“That’s true.” Sylvie appeared to consider this. “But I don’t usually tell them about my dreams and visions. I’ll keep this one to myself, for a little while. Will you tell Alice that you came here?”

“God, no.” Sylvie didn’t know about the lie Julia had told, and Julia didn’t feel inclined to explain. She remembered, with her sister in front of her, that part of the reason she’d killed William off was that she’d been scared that Alice would leave Julia to live in Chicago, because Alice would love Sylvie more than her own mother. That had been a ridiculous concern; Julia knew that now. But the younger Julia had felt like it was possible, because she had always loved Sylvie more than she loved everyone else. Julia loved her now, across the wooden table. She had closed a door on Sylvie long ago and triple-locked it, and that had worked until William’s phone call. Now, with her sister in the same room, Julia was aware of how badly she’d missed her.

This wasn’t a hallucination, Julia thought, but at the same time, no one in her life knew she was in Chicago. This wasn’t on her calendar, which meant this moment could exist as a barnacle on the outside of her real life. She was here and yet not here, in a state of quantum uncertainty. “Look,” she said, “I’m glad you feel bad about what happened. But you probably did me a favor by visiting William in the hospital. I wondered why his doctor didn’t ask for more from me than a single phone call, but that was because you were there. If you’d left him alone like I wanted you to, eventually I would have had to help him. Mama would have made me. Or someone would have needed to sign some paperwork. But you stepped in, and that let me leave. I’m grateful for that.”

Sylvie looked at her, and Julia could see the years of their separation on her face. Julia could no longer read Sylvie perfectly. She didn’t know what her sister was thinking right now. Julia

remembered how frantic she’d felt the last time she saw Sylvie. Her husband had left her, then tried to kill himself, then left her again, and Julia had accepted a job far away from her sisters and home. That collection of weeks had pulled her life out from under her like a rug. Julia had devoted herself to not losing control of her circumstances like that ever again, and she hadn’t, until recently.

“Tell me about New York,” Sylvie said. “Tell me about Alice.” “Alice,” she said, and paused.

Her sister was beaming at her from across the table. Julia remembered Sylvie holding baby Alice in her arms. There was a photograph of the two of them together, in Julia’s bedside drawer. Julia could see now, on Sylvie’s face, a truth she had overlooked. Sylvie had loved Alice with all her heart. Somehow it hadn’t occurred to Julia that she’d separated the two of them when she left Chicago. She’d worried about the possibility of Alice loving Sylvie, but only as a future risk, not as something that had already happened. But Sylvie was lit up and longing to hear news about the baby girl to whom she’d whispered, I love you, every time she saw her.

“She’s great,” Julia said. “Well, not great, maybe, but good. She graduated cum laude from college, which was fantastic. She has a decent job as a copy editor. Let’s see. She’s a runner; she runs in Prospect Park every morning.” Julia felt Sylvie’s quizzical gaze and remembered lying next to her sister in the dark, in the bedroom where they never told each other anything but the truth. They might twist words for other people, but not for each other. Julia said, “I’m afraid I messed her up, though.” She told her sister about how careful her daughter’s smile was, how deliberately engineered her carefree demeanor was, how uneventful Alice’s life was. Julia told her something Rose had said recently: that Alice lived like a cat who refused to leave its cardboard box.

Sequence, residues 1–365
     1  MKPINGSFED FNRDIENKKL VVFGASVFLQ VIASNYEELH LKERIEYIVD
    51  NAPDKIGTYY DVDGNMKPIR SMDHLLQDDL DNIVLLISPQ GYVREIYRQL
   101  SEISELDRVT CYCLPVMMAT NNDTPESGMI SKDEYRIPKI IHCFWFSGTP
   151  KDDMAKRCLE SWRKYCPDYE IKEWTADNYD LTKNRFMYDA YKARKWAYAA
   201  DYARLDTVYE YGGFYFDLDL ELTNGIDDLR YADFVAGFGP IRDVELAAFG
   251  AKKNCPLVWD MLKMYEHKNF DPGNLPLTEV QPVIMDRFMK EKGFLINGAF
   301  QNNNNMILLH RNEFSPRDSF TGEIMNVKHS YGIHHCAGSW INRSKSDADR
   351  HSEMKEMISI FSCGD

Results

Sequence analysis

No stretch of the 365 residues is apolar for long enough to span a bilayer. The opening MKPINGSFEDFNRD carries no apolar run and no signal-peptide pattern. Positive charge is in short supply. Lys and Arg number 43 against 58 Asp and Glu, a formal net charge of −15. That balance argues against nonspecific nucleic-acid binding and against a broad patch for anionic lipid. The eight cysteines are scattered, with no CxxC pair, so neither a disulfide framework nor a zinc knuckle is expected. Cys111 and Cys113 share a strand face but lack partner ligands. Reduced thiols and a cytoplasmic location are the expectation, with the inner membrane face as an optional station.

Sylvie smiled at this. “She’s still a baby,” she said. “Do you remember how young we were when we were twenty-five? If there’s something wrong, you have time to fix it.”

Fix it, Julia thought. Could she fix it? In her sister’s company, she felt brave enough to consider this possibility. She had a sense of what it would take. Julia would have to leap off a cliff, without knowing if she could survive the fall.

“We haven’t touched each other,” Sylvie said. “You and I. Do you realize that? We haven’t hugged. Which makes sense if this isn’t real. Ghosts don’t hug, because they would pass through each other. Ghosts just enjoy each other’s company.”

Julia smiled at her sister’s whimsy. Sylvie was part of her, and in their separation, Julia had missed these kinds of thoughts. Sylvie was the part of her who walked out of the pages of a novel, who kissed boys for ninety seconds for fun, who talked about third doors and ghosts as easily as she made a grocery list. Maybe she and her sister were ghosts, or hallucinations, or maybe it didn’t matter. Julia was aware that she felt better—happier, more relaxed—than she had in a long time. She was supposed to be in a different city. She was with Sylvie, whom she’d excised from her life a quarter of a century earlier. Julia felt a shot of joy rise through her like bubbles to the surface of a glass. She was free of her real self, of her real life, for a few hours, and when Julia left for the airport a little while later, she and Sylvie both knew—although neither spoke the words out loud— that Julia would return. They’d found a loophole, which allowed them to be together without anyone’s knowledge, which meant this time meant nothing, which meant everything.